Cyclists are Out of This World!


The benefits of commuting to and from work via bicycle are astronomical. When cycling, positive implications begin to surface across all aspects of both the personal and professional life. Implications within social, environmental and economic realms have been seen to extend to the wider community. As a sustainable mode of transportation, the bicycle alternative is not only responsible but also holistically profitable.

The words ‘traffic congestion’ are often enough to cause prickles of frustration to crawl across ones’ skin.  In the frantic rush of commuter hour, cyclists are provided with an opportunity to bypass the morning mayhem with exclusive access to bike paths and designated lanes.  Avoiding congestion saves on vehicle operation costs and unnecessary exhaust emissions. Cycling, as a form of zero emission transport contributes nil to air pollution thus creating benefits for both oneself and broader society.

The Australian Bureau of Statistics (2007) found that during the 2001-2006 period in Brisbane, the bicycle alternative rose as much as 18%. Figures demonstrate that with an increasing road presence, the safety of cyclists similarly increases. With this in mind, many commuters have been seen to ride to work in groups of two or more. Such a trend generates a great sense of mateship and enthusiasm. (It is much more difficult to hit snooze if you know that your commuting counterpart will be waiting by the servo at 6am sharp). It is relationships like this that forge friendships and make your experience at Cycle 2 City all that more enjoyable.

That being said, as a lone ranger, I cannot stress the extent to which cycling provides a clear state of mind.  It provides the perfect timeframe in which to ponder the days’ proceedings and generally just have a good ol’ think. Apparently Einstein came up with the theory of relativity while riding his bicycle and although I do not think that my morning musings may be of such a groundbreaking calibre I do treasure the clarity and sense of accomplishment that it grants me.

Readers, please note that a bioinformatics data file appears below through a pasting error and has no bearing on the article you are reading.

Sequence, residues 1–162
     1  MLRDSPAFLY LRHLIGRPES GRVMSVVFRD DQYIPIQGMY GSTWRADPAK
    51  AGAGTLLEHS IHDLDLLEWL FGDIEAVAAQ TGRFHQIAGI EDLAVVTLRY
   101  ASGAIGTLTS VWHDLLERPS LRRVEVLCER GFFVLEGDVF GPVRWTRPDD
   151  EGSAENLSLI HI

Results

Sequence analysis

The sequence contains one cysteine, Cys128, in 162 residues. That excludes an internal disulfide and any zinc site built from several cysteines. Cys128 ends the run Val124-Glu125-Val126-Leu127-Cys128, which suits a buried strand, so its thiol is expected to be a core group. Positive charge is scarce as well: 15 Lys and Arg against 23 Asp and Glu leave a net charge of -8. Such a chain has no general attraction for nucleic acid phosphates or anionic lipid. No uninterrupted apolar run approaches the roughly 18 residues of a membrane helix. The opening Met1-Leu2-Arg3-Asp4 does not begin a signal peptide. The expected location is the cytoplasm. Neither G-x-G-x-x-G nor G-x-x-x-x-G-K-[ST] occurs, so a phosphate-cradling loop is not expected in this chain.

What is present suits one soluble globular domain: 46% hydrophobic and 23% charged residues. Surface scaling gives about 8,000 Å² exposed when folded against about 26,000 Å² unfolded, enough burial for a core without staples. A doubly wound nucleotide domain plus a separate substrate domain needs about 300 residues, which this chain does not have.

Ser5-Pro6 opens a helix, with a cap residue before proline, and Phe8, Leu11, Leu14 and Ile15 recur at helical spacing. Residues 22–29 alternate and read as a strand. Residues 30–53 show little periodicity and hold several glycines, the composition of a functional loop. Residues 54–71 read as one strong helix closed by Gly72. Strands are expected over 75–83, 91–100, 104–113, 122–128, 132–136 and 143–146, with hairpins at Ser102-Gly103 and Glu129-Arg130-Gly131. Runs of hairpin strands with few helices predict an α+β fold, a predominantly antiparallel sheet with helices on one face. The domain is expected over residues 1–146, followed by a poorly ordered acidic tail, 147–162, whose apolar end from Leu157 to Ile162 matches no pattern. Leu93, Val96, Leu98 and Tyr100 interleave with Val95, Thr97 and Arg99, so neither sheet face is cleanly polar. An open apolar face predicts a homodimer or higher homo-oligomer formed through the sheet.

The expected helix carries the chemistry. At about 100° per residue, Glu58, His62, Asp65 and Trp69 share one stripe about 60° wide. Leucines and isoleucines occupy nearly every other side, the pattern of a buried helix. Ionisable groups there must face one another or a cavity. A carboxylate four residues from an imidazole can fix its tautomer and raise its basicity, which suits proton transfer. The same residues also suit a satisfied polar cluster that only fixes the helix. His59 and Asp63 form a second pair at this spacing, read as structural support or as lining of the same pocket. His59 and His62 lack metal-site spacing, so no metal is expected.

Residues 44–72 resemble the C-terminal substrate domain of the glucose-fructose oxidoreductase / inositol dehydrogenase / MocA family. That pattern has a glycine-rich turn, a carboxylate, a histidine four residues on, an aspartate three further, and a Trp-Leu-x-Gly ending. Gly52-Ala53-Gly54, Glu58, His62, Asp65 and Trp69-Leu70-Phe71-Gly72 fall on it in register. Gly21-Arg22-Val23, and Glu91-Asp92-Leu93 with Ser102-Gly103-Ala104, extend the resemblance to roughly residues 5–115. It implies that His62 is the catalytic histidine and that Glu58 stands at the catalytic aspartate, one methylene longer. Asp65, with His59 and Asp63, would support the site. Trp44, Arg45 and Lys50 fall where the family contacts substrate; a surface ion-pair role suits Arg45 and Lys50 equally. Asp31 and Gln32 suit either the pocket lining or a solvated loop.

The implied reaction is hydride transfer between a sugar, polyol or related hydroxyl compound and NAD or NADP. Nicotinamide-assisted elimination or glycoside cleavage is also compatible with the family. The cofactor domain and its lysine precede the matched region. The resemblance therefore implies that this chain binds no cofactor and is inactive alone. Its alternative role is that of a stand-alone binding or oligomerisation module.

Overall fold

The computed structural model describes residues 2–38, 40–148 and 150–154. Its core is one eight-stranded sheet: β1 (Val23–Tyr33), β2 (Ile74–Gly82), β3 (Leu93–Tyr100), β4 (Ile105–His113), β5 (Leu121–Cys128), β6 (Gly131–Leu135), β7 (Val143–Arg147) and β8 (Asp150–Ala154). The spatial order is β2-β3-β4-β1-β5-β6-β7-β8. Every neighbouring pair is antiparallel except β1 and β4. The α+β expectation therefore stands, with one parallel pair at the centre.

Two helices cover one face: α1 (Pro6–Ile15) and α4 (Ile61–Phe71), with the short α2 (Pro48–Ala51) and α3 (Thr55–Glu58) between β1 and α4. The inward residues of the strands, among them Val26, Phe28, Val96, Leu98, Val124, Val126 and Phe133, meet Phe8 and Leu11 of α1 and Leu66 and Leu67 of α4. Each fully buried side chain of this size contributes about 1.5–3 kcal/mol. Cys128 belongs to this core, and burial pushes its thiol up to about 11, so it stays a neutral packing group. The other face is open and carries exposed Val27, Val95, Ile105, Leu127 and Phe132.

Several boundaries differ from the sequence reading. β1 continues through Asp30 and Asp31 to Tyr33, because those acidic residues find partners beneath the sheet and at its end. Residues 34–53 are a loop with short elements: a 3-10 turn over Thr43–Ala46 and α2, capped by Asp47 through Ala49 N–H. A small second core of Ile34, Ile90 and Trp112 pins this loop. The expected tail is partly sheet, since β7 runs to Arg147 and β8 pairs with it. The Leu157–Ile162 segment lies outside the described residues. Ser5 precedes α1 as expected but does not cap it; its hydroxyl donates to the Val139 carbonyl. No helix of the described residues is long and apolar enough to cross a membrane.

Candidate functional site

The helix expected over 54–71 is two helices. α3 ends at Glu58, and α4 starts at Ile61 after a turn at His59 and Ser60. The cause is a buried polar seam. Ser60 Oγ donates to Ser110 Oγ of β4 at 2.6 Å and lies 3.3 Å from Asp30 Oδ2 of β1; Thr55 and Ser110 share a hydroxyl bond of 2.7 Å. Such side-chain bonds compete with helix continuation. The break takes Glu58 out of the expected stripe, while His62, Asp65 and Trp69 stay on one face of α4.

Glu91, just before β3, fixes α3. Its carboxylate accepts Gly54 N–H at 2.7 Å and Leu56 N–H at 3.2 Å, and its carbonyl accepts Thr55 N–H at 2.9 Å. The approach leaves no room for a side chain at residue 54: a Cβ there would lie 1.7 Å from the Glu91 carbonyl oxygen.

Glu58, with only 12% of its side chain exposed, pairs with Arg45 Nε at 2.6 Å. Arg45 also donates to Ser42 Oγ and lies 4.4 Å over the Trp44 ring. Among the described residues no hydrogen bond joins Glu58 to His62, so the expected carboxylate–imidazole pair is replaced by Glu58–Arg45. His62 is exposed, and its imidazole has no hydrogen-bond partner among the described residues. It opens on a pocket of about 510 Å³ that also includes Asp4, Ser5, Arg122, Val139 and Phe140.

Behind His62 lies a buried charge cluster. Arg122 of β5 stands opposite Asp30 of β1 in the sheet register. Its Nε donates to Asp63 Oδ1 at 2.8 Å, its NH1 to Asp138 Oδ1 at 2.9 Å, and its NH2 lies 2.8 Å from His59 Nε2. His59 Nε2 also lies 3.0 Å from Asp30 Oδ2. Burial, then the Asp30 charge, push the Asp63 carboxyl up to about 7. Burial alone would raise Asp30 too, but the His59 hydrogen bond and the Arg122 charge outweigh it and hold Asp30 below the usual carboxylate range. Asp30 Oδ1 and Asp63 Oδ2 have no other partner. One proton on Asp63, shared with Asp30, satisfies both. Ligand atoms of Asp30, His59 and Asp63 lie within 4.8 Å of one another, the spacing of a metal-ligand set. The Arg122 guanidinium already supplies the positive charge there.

All that aside, whether solo or socialite, the benefits of cycling are transcendent. It comes as no surprise that cycling is closely linked to better health, an elevated quality of life and increased overall fitness. Incorporating bicycle commuting into your everyday routine can assist in protection against sedentary diseases, poor physical and mental health. The World Health Organisation (WHO) found that cycling reduces the incidence of mental health disorders such depression and anxiety. Can you imagine how chirpy your workplace could be if everyone kick-started their day with a ride?

Speaking from experience, it is felt that there is no better way to start your day than with the first downward slope of the journey. This increasing momentum coupled with a cool dose of winter morning and that ‘Oh *%$&’ feeling that forces you to become suddenly very, very awake. It is mornings like this that make the hot shower at the end of the route all that more enjoyable.

Myths about Nutrition

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There are plenty of facts out there about nutrition and well-being, telling us both what is good and what is bad. However, many of you will be pleased to know that some of these facts are actually myths! That chocolate bar that you are craving at 3pm to get you through those last hours of work may in fact have some potential, and those foods containing carbohydrates are made up of nutrients and fibre that are vital to our health. Check out the article linked below to find out 13 of the biggest nutrition and food myths.












Ride for a cause this Winter!

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There are always a numerous amount of organised charity bike rides being held in Queensland, including the upcoming Brissie to the Bay ride to fight MS and the ride to Conquer Cancer in August.  These rides are a great opportunity to meet new people and enjoy the great outdoors while supporting a great cause. An awesome reason to get on those bikes & get riding this winter!

For more info on upcoming rides, visit:

Bicycle Queensland:

Brisbane Cyclist: